Throughout De Profundis, Wilde’s distinction between the Love within himself and the Hatred within Bosie showcases Wilde’s lack of self-awareness. He argues extensively about how hatred causes blindness but seems thoroughly unwilling to analyze how his love for Bosie might have blinded him as well. In class this past week, we talked about how Wilde can’t see past his own narcissism. He calls out Bosie thoroughly in De Profundis, but he doesn’t take the blame to the same extent. He analyzes the situation, but can’t see where he needs to change.
One of the most scathing call-outs in De Profundis is when Wilde tells Bosie, “In you, Hate was always stronger than Love” (999). Wilde acknowledges that Bosie loves him. He believes that Bosie doesn’t just love him for his fame and wealth; he thinks there’s something more to Bosie’s love for him. However, any sense of love that Bosie might have for Wilde is far outstripped by Bosie’s hate for his father. Therefore, Wilde becomes a pawn in Bosie’s plan to hurt his father. The plan to land Bosie’s father in jail was doomed from the start, but Bosie couldn’t see that. Wilde writes, “Love can read the writing on the remotest star, but Hate so blinded you that you could see no further than the narrow, walled-in, and already lust-withered garden of your common desires” (1000). Although I agree with Wilde that Hate does blind people, Wilde exhibits a lack of self-awareness of how Love blinded him as well. He claims that “Love can read the writing on the remotest star” and therefore he could see the flaws in Bosie’s plan from the beginning, and yet, he still went along with taking Bosie’s father to court. All of Wilde’s friends were against this idea, but he just goes along with Bosie’s advice instead. This behavior reminded me of the Love in a Dark Time reading. Since Wilde loved Bosie in a time when their love was forbidden, that made the love more intense. It made him blindly follow Bosie. However, Wilde doesn’t acknowledge his own faults in this situation.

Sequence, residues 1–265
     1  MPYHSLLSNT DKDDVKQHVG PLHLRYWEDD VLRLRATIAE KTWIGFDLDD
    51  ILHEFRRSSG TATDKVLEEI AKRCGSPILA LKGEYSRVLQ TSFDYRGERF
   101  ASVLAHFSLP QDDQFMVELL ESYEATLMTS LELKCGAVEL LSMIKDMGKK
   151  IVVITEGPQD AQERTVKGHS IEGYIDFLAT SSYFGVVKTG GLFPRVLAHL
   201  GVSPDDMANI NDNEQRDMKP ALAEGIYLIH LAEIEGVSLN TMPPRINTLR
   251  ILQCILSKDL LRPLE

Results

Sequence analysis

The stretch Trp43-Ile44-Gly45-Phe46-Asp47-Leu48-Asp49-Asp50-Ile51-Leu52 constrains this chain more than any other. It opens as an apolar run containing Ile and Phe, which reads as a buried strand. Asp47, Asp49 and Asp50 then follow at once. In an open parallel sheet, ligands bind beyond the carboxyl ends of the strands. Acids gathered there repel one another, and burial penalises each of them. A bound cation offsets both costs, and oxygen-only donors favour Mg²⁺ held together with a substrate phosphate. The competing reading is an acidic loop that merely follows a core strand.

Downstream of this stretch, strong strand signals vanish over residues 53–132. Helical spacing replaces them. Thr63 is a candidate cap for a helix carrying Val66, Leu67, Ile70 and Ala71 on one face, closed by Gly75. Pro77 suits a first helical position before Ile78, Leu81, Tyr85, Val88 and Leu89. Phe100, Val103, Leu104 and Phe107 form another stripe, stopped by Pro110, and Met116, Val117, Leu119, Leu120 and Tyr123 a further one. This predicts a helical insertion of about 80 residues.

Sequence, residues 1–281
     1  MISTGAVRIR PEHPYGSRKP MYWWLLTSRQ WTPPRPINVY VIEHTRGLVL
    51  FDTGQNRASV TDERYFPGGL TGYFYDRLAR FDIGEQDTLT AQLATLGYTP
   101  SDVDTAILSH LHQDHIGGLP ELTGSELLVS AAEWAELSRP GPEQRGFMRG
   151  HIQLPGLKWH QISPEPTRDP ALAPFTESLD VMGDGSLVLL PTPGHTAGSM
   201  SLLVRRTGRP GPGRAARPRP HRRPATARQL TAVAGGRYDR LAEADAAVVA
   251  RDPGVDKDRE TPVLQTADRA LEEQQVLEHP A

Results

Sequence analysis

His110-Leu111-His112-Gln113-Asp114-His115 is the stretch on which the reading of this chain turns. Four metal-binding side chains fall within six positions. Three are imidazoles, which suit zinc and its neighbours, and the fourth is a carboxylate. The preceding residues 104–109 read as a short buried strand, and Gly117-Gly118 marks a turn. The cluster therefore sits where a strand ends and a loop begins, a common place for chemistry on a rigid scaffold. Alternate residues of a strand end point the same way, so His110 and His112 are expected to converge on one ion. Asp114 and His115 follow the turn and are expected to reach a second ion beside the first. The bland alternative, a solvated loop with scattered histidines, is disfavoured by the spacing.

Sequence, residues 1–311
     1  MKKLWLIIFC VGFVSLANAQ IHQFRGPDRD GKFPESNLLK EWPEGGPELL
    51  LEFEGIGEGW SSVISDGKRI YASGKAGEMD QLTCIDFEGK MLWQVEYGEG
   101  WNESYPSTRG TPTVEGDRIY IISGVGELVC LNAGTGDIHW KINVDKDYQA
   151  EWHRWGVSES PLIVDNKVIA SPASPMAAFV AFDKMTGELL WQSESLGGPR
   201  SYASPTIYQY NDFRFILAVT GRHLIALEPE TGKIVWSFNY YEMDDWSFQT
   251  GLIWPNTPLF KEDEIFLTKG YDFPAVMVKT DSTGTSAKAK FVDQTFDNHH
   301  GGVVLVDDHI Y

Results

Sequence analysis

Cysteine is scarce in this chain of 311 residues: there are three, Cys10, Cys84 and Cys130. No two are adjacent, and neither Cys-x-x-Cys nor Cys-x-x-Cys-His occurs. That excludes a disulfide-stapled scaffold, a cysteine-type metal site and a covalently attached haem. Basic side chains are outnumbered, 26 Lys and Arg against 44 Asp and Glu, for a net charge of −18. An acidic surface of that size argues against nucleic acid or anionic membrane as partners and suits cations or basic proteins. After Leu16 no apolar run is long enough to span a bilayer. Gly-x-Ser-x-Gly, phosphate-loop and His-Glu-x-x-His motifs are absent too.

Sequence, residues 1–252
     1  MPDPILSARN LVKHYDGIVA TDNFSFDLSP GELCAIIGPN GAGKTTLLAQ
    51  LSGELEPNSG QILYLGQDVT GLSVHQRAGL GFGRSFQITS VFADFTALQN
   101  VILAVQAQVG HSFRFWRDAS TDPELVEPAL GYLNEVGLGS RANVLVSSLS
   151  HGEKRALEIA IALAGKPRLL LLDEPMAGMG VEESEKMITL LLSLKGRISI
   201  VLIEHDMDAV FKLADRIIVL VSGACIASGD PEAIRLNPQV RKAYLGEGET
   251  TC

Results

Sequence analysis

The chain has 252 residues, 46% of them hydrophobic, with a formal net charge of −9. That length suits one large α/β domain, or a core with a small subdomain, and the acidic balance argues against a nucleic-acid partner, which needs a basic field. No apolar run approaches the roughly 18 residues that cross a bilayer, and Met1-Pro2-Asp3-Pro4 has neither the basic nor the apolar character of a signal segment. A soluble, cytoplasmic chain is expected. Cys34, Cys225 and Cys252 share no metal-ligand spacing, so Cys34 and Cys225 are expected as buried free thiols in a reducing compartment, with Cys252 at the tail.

Wilde villainizes Bosie and paints himself as a victim of Bosie’s hatred. Wilde writes, “The aim of Love is to love: no more, and no less. You were my enemy: such an enemy as no man ever had. I had given you my life, and to gratify the lowest and most contemptible of human passions, Hatred and Vanity and Greed, you had thrown it away” (1005). Although it is tragic that Wilde wasted his love and had his life ruined, if “Love can read the writing on the remotest star,” he should’ve seen this coming. Wilde doesn’t seem to realize that he was complicit in having his life ruined. Perhaps if he were more critical of his own choices, his life wouldn’t have been the tragedy that it was. Perhaps he wouldn’t have gotten back together with Bosie after he got out of prison. Perhaps he could’ve made changes in his life. However, Wilde let prison destroy him. He predestined himself for tragedy.